Forum for Science, Industry and Business

Sponsored by:     3M 
Search our Site:

 

New hope for fighting major fungal disease in durum wheat

19.01.2015

Insights into the cell walls of disease-resistant wheat varieties could help to produce stronger durum wheat for improved pasta production

A variety of wheat that is resistant to a destructive fungal disease has been found to have specialized and protective cell walls, according to research published in BMC Plant Biology. These insights could help to produce stronger, disease-resistant varieties of durum wheat for improved pasta production.

Fusarium Head Blight (FHB) is a fungal disease that affects worldwide wheat production due to dramatic yield loss, and reduced grain quality from toxins that make harvests unsuitable for consumption. While there have been several studies looking at FHB disease resistance in common wheat, little is known about durum wheat - one of the cereals most susceptible to infection and the key ingredient in pasta and couscous. Italy is one of the world's major producers of durum wheat, and FHB has been permanently present there since 1995.

Lead author Daniela Bellincampi from Sapienza Università di Roma, Italy, said: "Breeding disease-resistant varieties of durum wheat is probably the best economic and ecological strategy for fighting this invasive and destructive disease. Unfortunately, this is particularly challenging due to a lack of highly disease-resistant varieties that are available to use in breeding programs."

Joint author Agata Gadaleta from Università di Bari Aldo Moro, Italy, said: "Now that we've identified the cell wall characteristics that make a common wheat variety resistant to FHB, work can begin on transferring these traits to vulnerable durum wheat varieties. These could be cultivated in Italy and other countries to help produce safer food with reduced fungal contamination and reduced amounts of dangerous toxins in food stocks."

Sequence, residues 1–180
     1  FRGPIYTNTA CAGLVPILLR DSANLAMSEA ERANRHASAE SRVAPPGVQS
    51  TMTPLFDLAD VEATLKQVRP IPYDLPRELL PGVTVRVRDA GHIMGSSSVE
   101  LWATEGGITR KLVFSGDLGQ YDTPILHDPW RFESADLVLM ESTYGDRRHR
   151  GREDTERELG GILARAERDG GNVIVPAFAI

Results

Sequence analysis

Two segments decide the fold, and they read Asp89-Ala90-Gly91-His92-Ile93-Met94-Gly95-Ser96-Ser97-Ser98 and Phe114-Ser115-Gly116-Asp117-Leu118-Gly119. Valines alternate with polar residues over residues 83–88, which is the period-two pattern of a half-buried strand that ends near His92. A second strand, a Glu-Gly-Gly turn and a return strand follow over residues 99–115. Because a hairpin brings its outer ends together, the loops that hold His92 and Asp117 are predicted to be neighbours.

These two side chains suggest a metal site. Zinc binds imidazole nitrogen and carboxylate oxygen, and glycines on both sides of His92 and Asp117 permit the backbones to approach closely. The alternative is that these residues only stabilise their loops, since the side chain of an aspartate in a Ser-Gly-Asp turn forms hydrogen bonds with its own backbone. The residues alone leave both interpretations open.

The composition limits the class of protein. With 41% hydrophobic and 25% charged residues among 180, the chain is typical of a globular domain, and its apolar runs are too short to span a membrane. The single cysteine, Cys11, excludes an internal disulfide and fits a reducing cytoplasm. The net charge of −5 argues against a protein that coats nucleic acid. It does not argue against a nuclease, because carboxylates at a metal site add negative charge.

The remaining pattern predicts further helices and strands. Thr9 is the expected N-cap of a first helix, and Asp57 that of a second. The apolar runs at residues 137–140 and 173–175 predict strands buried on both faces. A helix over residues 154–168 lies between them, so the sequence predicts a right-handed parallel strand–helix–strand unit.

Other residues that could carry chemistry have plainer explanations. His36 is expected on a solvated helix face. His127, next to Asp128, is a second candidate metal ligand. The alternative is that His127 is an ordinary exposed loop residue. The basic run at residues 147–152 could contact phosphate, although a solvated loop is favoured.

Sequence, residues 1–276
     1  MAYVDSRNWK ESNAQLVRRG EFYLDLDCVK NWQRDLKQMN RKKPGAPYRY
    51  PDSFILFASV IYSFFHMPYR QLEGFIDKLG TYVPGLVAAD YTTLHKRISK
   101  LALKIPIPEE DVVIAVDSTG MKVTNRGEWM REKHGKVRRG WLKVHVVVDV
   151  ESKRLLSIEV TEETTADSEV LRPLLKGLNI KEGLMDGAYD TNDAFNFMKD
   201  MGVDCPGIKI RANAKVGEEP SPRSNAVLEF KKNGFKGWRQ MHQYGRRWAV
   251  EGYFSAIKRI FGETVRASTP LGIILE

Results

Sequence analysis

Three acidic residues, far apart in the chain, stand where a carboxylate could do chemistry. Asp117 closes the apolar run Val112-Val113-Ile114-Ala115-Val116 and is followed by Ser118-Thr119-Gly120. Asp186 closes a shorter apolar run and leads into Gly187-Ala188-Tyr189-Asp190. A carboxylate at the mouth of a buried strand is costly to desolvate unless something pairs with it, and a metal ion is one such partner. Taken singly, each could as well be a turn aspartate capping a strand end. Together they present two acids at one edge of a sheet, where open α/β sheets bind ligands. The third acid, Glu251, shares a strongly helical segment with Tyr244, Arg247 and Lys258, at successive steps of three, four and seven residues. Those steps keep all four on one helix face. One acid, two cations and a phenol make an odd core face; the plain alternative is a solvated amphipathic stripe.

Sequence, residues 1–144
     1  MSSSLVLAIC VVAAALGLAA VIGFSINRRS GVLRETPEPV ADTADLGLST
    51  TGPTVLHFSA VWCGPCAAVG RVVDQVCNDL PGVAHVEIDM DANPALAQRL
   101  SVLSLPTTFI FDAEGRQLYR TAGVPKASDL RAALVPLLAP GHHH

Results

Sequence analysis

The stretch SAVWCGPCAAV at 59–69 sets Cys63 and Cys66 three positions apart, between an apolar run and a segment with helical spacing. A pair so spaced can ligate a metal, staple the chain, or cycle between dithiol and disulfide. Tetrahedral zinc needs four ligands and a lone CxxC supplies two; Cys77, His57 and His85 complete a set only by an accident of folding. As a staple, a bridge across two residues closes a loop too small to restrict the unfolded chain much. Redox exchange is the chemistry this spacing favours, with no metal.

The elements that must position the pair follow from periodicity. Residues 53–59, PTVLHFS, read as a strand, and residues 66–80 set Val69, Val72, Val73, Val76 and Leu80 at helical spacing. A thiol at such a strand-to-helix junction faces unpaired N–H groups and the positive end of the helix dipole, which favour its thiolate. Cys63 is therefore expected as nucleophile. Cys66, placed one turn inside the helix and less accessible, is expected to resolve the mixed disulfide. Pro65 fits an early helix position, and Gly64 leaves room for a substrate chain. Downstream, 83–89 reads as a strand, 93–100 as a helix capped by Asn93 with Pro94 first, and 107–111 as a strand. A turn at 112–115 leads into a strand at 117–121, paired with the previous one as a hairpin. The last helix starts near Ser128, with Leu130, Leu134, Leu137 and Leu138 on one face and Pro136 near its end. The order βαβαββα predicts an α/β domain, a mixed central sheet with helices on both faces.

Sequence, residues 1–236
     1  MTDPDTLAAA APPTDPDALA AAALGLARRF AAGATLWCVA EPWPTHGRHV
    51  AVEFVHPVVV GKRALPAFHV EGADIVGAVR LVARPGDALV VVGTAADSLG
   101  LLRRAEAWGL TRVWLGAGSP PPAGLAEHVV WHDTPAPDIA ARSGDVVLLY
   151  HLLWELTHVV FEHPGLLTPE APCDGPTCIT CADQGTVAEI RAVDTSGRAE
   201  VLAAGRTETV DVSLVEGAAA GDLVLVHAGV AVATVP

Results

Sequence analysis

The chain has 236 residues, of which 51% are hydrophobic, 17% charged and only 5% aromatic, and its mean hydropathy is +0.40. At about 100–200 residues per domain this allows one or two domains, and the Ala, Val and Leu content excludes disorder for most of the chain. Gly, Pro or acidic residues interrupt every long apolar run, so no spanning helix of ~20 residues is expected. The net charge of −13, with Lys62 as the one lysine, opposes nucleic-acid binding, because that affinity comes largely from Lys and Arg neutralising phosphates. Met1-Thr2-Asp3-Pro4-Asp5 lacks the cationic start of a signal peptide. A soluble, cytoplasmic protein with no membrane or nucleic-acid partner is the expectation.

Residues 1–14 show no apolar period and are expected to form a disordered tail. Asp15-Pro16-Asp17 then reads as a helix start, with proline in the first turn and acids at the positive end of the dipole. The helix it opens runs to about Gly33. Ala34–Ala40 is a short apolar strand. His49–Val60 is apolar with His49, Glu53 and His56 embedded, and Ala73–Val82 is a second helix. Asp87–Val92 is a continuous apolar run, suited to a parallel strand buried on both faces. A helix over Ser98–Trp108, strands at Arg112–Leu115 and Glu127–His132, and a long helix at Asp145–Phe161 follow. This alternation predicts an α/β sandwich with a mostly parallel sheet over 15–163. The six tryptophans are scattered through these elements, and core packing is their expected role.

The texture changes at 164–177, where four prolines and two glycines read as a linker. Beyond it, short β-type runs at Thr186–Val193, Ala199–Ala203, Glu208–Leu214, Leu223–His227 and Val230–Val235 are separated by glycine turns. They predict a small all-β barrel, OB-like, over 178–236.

The researchers compared a disease-resistant variety of common wheat and a susceptible variety of durum wheat. To do this, they infected both with the fungus, and then compared the detailed characteristics of their cell walls.

The cell walls of the FHB-resistant variety had a particular composition of lignin - a structural component which plays a crucial role in cell wall reinforcement - and showed unique compositions of other structural components including pectin and hemicellulose.

The researchers identified a new gene, WheatPME1, that can play a role in changing the chemical structure of pectin - the adhesive component of the plant cell wall. They found that, during infection, the gene had different levels of activity in the FHB-resistant and susceptible varieties.

The researchers hope that the identification of these unique cell wall traits in FHB-resistant common wheat could help in breeding durum wheat varieties that are able to defend themselves against infection, and reduce fungal toxin contamination in food.

First author Vincenzo Lionetti from Sapienza Università di Roma, Italy, said: "Understanding the dynamics of plant cell wall composition and structure during infection is important to reveal strategies that plant and pathogen exploit to prevail during their interaction."

Media Contact

Joel Winston
Media Officer
BioMed Central
T: +44 (0)20 3192 2081
E: Joel.Winston@biomedcentral.com

Notes to editor:

1. Research article

Vincenzo Lionetti, Angelica Giancaspro, Eleonora Fabri, Stefania L. Giove, Nathan Reem, Olga A. Zabotina, Antonio Blanco, Agata Gadaleta and Daniela Bellincampi
Cell wall traits as potential resources to improve resistance of durum wheat against Fusarium graminearum
BMC Plant Biology 2015
DOI: 10.1186/s12870-014-0369-1

To request a copy of the research article under embargo, please contact Joel Winston (Joel.Winston@biomedcentral.com)

After embargo, article available at journal website here: http://dx.doi.org/10.1186/s12870-014-0369-1

Please name the journal in any story you write. If you are writing for the web, please link to the article. All articles are available free of charge, according to BioMed Central's open access policy.

2. BMC Plant Biology is an open access, peer-reviewed journal that considers articles on all aspects of plant biology, including molecular, cellular, tissue, organ and whole organism research.